Dyatlov Pass incident

Moments before setting off on an expedition, the group of tourists expanded by one participant.

An excerpt from the article 39 facts about Dyatlov Pass incident

Just before setting out on the expedition to the Ural Mountains, Semyon Alekseevich Zolotaryov joined the nine-member group of young people. The thirty-seven-year-old introduced himself to the others as Alexander "Sasha" Zolotaryov, a mountain guide and instructor of the Kourov tourist base.

The young tourists, who were obliged to document their expedition with diaries (this was a requirement of the Sverdlovsk City Committee of Physical Culture and Sport), titled Zolotariev "guide." 

To this day, the figure of Zolotariev is the most mysterious.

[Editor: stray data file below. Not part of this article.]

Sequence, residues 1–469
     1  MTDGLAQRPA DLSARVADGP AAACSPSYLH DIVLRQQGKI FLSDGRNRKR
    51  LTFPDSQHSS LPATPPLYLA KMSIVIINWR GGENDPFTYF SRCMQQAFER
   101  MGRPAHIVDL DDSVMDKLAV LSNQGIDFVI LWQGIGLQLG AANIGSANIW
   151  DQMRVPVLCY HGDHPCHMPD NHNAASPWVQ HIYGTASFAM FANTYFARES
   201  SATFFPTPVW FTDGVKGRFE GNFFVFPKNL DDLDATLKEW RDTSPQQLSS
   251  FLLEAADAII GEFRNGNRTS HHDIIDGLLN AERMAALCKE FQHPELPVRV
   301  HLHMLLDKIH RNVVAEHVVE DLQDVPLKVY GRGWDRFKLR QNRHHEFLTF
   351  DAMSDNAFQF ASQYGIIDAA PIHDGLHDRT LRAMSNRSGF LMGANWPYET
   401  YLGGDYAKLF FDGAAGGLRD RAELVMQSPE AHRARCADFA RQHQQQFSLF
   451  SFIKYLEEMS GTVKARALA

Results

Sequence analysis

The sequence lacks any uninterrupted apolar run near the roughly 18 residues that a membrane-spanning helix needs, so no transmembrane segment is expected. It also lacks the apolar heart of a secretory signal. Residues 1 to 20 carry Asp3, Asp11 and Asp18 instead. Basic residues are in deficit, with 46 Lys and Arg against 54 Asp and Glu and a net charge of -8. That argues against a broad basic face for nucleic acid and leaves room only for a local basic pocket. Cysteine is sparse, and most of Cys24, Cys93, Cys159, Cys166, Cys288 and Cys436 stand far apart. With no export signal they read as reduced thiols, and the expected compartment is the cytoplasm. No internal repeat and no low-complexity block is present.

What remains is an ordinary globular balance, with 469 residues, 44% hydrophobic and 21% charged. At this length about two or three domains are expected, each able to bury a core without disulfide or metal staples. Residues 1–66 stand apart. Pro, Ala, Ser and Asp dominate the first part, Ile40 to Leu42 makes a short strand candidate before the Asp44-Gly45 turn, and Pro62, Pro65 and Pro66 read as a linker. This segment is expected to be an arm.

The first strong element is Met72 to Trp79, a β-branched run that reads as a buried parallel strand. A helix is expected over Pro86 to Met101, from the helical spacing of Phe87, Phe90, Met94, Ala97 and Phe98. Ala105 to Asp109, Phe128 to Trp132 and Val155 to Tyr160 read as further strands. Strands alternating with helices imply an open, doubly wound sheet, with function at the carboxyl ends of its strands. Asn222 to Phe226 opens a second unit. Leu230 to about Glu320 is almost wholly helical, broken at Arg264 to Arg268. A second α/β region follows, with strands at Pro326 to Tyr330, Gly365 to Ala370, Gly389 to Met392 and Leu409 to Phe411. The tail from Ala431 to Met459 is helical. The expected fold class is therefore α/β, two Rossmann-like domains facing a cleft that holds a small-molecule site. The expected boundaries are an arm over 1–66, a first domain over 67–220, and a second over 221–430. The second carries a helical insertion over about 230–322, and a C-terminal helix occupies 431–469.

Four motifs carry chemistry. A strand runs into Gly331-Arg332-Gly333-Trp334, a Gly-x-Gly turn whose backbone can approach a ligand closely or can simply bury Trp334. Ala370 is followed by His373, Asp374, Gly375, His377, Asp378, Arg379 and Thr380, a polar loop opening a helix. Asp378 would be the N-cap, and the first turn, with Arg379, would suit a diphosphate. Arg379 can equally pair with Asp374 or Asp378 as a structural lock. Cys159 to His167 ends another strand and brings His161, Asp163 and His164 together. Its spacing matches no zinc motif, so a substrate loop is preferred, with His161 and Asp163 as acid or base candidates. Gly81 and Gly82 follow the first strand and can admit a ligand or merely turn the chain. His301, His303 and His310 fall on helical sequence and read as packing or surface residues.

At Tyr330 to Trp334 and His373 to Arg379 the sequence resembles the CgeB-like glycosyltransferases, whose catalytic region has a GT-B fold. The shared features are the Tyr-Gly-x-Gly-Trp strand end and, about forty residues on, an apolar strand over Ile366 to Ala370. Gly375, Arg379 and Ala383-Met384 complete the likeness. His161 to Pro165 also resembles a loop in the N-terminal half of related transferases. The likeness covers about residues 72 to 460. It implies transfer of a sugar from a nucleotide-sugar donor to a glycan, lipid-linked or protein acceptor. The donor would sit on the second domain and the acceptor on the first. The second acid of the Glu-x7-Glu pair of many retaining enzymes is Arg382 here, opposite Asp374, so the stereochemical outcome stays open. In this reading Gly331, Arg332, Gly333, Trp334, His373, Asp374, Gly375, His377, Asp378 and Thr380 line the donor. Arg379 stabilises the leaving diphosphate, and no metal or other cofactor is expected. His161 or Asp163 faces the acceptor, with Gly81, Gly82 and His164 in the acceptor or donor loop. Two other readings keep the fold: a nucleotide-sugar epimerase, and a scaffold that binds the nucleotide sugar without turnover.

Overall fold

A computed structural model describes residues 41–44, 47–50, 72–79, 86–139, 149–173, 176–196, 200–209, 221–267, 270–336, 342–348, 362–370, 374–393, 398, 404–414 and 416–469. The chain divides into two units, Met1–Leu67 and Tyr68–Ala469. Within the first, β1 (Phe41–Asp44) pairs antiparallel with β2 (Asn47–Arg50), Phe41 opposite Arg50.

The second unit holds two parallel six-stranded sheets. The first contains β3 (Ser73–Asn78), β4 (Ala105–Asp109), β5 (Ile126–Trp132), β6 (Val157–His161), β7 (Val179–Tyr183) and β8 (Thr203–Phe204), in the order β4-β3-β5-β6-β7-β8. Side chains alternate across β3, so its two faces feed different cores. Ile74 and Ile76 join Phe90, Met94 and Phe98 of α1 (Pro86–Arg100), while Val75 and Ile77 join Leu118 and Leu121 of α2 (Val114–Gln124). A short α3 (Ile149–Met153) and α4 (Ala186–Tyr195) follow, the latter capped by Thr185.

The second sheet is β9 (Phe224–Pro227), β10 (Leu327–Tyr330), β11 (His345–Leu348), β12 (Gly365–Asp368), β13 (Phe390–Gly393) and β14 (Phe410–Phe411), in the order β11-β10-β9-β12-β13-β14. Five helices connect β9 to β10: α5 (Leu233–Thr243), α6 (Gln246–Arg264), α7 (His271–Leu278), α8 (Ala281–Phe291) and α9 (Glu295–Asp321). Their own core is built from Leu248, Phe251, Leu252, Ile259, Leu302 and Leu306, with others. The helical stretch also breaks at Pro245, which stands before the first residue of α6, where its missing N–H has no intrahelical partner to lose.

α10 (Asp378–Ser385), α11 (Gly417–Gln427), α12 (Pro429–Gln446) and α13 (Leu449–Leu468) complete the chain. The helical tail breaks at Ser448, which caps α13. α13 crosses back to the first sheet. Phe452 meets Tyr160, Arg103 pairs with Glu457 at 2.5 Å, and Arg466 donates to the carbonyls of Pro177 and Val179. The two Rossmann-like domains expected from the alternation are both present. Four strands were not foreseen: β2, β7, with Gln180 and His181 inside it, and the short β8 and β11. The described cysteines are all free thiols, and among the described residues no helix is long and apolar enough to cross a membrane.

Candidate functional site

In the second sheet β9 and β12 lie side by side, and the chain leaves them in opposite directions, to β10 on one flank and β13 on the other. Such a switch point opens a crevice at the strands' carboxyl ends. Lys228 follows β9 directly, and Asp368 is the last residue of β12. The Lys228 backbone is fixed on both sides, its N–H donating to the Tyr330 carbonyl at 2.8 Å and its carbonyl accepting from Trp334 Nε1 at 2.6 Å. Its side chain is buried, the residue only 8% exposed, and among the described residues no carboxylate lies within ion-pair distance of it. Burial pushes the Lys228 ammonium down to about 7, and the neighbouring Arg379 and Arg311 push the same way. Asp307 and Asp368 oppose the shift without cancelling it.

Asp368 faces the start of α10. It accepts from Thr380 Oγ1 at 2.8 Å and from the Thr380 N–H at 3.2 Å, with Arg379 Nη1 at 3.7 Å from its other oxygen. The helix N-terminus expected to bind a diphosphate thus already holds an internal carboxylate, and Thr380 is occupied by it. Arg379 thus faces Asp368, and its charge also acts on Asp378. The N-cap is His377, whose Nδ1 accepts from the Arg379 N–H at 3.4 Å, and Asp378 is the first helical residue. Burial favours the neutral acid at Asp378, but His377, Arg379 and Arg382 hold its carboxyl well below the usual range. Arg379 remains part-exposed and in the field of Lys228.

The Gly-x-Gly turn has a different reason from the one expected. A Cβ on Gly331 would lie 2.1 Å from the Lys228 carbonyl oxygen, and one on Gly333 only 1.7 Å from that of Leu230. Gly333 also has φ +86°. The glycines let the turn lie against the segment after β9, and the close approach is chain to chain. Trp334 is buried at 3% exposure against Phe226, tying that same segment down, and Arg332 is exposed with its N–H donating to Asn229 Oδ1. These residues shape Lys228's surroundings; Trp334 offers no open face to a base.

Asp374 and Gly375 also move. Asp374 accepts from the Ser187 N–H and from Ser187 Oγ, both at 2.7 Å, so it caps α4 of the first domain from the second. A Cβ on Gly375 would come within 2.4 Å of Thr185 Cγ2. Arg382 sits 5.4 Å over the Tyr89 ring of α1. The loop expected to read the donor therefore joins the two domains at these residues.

It was established with much probability that he was the only one in the group who did not have any training or experience in mountain hiking. Most likely, he also used false personal information. Zolotaryov's biography is full of contradictions and understatements. He is said to have been a former sergeant in the Soviet Army, taking part in fighting on the front lines of World War II, and some suggest that he may have been a German agent. Some sources corroborate this suggestion with information on a few German decorations found in his household.

To this day, it has not been determined why he joined the Dyatlov group and what his goal was. In addition, DNA tests conducted in 2018 determined that the genetic code of the thirty-seven-year-old buried in the grave of the victims does not belong to Zolotaryov. 

More about Dyatlov Pass incident